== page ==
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Religious Practice and Mental Health

depression, mental health, religion, worship 2 comments

By MARRI Intern

          MARRI research maintains that “good mental health is highly correlated to religious participation.”  Strong faith and frequent involvement in spiritual or religious activities are key elements in reducing the risk of depression in an individual’s life.  Numerous studies have previously established this idea that the higher the prevalence of religiosity in an individual’s life the lower the risk of depression.  An example found within this MARRI research observes “adolescents at one public school in Texas who frequently attended religious services and derived great meaning and purpose from religion in their lives had lower levels of depression than their less religious peers.”

Now, an article by Andrew Seaman introduces new research which suggests that there may be a further link between depression, spirituality, and the brain.  This specific study was by a number of researchers from Columbia University who came to the conclusion that the participants who claimed spirituality as a highly important element in their lives had a thicker cortex.  Some participants in this study had a higher risk for depression because of their family history, while the control group did not.  The data seems to suggest that spirituality can act as a sort of protection for the brain and “that religiosity can enhance the brain’s resilience against depression in a very physical way.”  This particular research now indicates that people who are not “spiritually active” may be more prone to depression due to a thinner cortex.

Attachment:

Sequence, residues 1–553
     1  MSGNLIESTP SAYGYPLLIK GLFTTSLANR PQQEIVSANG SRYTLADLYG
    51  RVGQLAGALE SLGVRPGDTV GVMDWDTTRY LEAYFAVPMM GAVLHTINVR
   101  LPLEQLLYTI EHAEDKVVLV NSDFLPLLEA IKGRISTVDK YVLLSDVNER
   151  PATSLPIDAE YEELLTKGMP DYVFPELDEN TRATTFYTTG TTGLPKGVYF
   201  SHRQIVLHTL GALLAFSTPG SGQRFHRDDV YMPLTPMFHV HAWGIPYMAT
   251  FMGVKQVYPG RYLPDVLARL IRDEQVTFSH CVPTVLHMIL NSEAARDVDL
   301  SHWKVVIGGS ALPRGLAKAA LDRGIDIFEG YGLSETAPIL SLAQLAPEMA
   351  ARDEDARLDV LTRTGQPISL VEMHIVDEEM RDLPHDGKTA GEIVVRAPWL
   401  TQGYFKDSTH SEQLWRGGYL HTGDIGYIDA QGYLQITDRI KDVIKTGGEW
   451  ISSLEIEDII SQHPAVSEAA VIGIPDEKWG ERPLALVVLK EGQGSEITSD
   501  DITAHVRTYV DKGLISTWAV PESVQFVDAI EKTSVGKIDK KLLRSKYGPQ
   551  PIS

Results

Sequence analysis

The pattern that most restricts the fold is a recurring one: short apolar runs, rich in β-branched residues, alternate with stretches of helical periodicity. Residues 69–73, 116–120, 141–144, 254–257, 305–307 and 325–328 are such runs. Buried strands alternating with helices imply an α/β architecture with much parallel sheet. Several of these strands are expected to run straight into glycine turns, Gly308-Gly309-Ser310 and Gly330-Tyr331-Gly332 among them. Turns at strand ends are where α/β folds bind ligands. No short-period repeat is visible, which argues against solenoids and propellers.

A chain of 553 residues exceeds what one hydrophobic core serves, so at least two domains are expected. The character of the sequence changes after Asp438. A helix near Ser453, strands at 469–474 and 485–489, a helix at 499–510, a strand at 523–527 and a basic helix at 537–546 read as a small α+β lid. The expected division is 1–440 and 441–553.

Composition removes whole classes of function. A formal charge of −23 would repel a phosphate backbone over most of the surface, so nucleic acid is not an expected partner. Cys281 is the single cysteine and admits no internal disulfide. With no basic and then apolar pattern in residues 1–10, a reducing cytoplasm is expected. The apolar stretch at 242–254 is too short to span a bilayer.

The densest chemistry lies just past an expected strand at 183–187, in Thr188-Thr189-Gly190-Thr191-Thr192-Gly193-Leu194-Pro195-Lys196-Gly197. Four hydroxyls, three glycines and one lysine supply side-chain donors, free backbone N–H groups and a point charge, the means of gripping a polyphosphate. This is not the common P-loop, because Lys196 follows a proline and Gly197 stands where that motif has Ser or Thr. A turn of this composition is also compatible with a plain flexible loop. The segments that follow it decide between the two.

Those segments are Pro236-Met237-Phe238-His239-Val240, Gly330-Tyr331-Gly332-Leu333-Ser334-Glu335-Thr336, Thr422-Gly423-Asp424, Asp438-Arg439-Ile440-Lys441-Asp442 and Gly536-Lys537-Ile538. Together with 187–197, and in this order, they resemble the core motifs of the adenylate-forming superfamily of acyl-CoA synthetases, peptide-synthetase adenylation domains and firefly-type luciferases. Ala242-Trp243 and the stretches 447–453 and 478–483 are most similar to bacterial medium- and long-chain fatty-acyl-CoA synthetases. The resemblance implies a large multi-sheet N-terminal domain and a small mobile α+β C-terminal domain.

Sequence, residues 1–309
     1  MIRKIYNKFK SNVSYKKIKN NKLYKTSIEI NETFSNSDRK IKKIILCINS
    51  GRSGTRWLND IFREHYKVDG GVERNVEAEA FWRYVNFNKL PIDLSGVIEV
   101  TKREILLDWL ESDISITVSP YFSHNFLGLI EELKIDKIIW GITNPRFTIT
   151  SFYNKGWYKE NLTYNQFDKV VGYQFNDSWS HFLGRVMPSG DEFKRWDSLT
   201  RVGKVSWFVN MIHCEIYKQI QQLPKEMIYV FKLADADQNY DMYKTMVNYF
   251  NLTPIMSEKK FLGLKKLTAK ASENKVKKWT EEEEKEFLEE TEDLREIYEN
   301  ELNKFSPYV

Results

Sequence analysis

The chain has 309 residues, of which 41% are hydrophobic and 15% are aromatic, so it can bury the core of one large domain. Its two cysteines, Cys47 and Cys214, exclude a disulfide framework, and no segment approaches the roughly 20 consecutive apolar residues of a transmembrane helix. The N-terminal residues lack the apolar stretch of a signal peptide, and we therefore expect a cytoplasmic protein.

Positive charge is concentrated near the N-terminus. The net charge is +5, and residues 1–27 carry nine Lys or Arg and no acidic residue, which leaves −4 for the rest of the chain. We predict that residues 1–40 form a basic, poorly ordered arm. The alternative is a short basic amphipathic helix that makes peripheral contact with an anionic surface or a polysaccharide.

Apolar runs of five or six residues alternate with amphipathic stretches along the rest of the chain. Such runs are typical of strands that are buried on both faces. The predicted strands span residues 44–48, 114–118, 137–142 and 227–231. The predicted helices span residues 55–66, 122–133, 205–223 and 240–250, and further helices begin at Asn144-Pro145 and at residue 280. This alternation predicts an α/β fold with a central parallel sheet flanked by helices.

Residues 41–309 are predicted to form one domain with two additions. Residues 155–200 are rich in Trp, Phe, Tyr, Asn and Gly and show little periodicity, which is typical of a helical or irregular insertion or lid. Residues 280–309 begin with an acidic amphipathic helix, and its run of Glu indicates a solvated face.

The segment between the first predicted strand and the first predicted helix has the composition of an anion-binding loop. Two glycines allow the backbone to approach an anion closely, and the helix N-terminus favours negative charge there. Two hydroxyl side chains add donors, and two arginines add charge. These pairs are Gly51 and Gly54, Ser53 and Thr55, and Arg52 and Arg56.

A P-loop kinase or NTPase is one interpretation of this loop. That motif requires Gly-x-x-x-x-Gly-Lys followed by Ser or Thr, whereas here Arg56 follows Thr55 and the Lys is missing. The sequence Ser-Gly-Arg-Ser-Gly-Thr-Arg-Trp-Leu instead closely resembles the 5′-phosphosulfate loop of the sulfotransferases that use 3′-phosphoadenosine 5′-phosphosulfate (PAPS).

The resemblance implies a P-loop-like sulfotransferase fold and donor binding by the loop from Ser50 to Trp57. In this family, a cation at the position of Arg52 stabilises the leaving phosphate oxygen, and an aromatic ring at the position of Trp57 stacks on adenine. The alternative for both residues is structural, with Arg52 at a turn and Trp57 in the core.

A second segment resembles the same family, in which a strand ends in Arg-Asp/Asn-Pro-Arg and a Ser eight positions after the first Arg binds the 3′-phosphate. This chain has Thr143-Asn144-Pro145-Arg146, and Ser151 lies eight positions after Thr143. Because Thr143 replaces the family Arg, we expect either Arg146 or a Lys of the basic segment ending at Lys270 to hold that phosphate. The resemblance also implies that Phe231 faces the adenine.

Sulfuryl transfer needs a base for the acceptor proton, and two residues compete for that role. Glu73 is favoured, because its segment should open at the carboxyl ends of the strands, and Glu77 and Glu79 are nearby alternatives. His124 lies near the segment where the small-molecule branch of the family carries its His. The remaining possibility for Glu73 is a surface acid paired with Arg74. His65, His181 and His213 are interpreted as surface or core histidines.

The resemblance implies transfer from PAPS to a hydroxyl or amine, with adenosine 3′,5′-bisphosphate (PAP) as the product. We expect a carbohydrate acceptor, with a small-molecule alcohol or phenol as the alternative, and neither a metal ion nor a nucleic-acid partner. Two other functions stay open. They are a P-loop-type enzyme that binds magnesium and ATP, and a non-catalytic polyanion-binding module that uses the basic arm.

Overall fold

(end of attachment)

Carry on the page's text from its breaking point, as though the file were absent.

Exploration in this specific area, like research in most other areas, presents the need for caution in that there is the possibility that “there could be other areas of the brain linked to religion and spirituality. Also, spirituality may be a marker of something else, such as socioeconomic status.”

But as this new study shows, the level of personal importance of religious practice carries dramatic implications for many areas of life.  Additional MARRI data shows that the more frequently an individual engages in religious worship, the more individuals, families, and communities will see the benefits.  When people obey God and “take heed of Him, the more He takes care of them,” and the more He tends to bless them in incredible ways.  

2 comments

Cordell Asbenson - July 14, 2015

Interesting post!

Cordell Asbenson - July 14, 2015

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